45

8

7067

Berger

Ryan

DNC

DNC

DNC

DNC

DNC

DNS

45

Wednesday, September 06, 2006

Tanzer 22 North American Championship: Wrap Up


The T22 North American Championship for 2006 was held in plenty of wind, September 3-4th, hosted by Hudson YC. In fact, the first day had winds peaking at 25-30 knots. Racers used a variety of sail options with reefed mains, #2 genoa and #3 working jib foresails. There were gear breakdowns, and a Dragon approached Patrice Dehaes' Turbo on port tack, and got his backstay snagged. The Dragon lost it's mast which broke in two. Other boats were racing on the same course with different starts, but this was the only incident resulting in such a failure. Ambitious and Sine Wave did collide right in front of the finish line at the conclusion of the final race, while in the front pack! No significant damage other than frayed competitive nerves were the result. A lot of competitors crossed the finish line from behind while the collision victims sorted themselves out!

Regatta favourite, Patrice Delhaes dropped out of the first race after the collision with the Dragon, but it appears the day would belong to Ken Hodgson's Sloop de Jour anyway. With three 1sts. in the 4 heavy air races of day 1, Ken who owns Tanzer Boat Parts can also be known as this year's heavy air King. Other than the DNF due to the collision, Patrice' Turbo picked up a 2nd and two 3rds., HYC Club Manager, Trevor Collins was able to race his T22 this week end and took 3rd overall, followed by HYC Club Champion Bernard Le Duc a point behind. In 5th overall the first day, Derek Prest's Westerhall from Nova Scotia did well despite some errors in recording his finishes, and a spinnaker broach that filled the cockpit with water. Tanzer 22 sailors be reminded: keep your lower washboard in place in the companionway! Westerhall picked up a bullet in race #4 to top off the first day. Also from Nova Scotia, Doug Caldwell and crew picked up a 2nd in the first race of the regatta.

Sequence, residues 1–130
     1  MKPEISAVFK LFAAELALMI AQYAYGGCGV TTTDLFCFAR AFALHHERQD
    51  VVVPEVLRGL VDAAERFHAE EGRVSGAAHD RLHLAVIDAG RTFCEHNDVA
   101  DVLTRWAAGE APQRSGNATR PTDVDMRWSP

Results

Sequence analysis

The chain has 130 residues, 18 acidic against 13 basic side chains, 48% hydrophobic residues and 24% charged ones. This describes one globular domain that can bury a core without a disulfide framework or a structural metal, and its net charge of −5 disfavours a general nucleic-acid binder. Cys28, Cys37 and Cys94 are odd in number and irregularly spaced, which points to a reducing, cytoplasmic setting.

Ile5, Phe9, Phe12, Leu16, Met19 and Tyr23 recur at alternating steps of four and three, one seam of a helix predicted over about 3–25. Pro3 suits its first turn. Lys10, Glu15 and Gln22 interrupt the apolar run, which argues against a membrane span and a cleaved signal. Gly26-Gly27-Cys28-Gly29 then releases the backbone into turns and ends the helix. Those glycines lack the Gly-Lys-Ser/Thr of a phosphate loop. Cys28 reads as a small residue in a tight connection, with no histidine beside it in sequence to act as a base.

The second race day brought easier winds that were still strong enough for good racing. This day would belong to Turbo which took bullets in all three races. Patrice and his crew are able to extract extraordinary speed out of their boat, and this served them superbly. Trevor Collins and crew sailing Penny Wise came on big time the second day picking up two 2nds and a 3rd. Sloop de Jour took two 3rds and a 5th. Phil Wilcox from Ottawa was sailing with different and varying crew, and did very well with the more moderate wind the second day. In the final race he picked up a 2nd place.

I don't know about the first day, but Montreal Sailing must make special note of Ken Barrieau and Chris Campbell who each sailed their race boats with only one crew the second day, and did so with spinnaker very, very well!

It was good to see Tanzer sailors travelling to make their class' championship. Tanzerites came from 6 different clubs and three provinces. Daniel Godbout and Phil Wilcox came from Ottawa, and Doug Caldwell and Derek Prest brought two boats and an army of crew and partners from Grand Lake YC in Nova Scotia. 3 boats came from Lac St. Louis. With boats from Lac Des Deux Montagnes that made for a total of 15. Not bad considering the heavy air and rain the first day, and the difficulties being experienced by top end racing these days.

Regatta Chair Pat Patterson, main on the water race official and guru Ross Tellier, and all the volunteers from HYC and CVL worked hard to give the Class a great regatta. Run concurrently with Hudson's Annual Regatta made for great organization, fun parties, and the maximum number of Tanzers given the Class popularity on Lac Des Deux Montagnes in Montreal. The historic North American nautical clock trophy had no more room left for this year's winner plate, so Pierre Marois refurbished the trophy with a new teak base, and it looks as impressive as ever.

Results

Order of stats are position, boat, Sail #, skipper, club, finishes
1 Turbo, 650, P. Delhaes, CVL, DNF, 2, 3, 3, 1, 1, 1
2 Sloop de Jour, 1093, K. Hodgson, HYC, 1, 1, 1, 7, 3, 3, 5
3 Penny Wise, 489, T. Collins, HYC, 4, 5, 4, 2, 2, 2, 3
4 Maverick, 44, B. LeDuc, HYC, 3, 4, 2, 5, 4, 8, 6
5 Westerhall, 2172, D. Prest, GLYC, 5, 7, 5, 1, 9, 4, 4
6 Sine Wave, 835, J. Fichten, PCYC, 7, 6, 6, 6, 8, 5, 11
7 Beagle, 1681, P. Wilcox, 9, 9, 9, 10, 5, 6, 2
8 Freyja, 1801, D. Caldwell, GLYC, 2, 8, 8, 12, 9, 9, 10
9 Encore Une Fois, 1099, J. Linton, BYC, 8, 10, 10, 4, 6, 10, 8
10 Shigawac, 413, C. Campbell, HYC, 6, 3, 7, 8, 11, 14, 15
11 Knot a Clew, 1531, M.Laventure, HYC, 10,11 12, 11, 12, 11, 12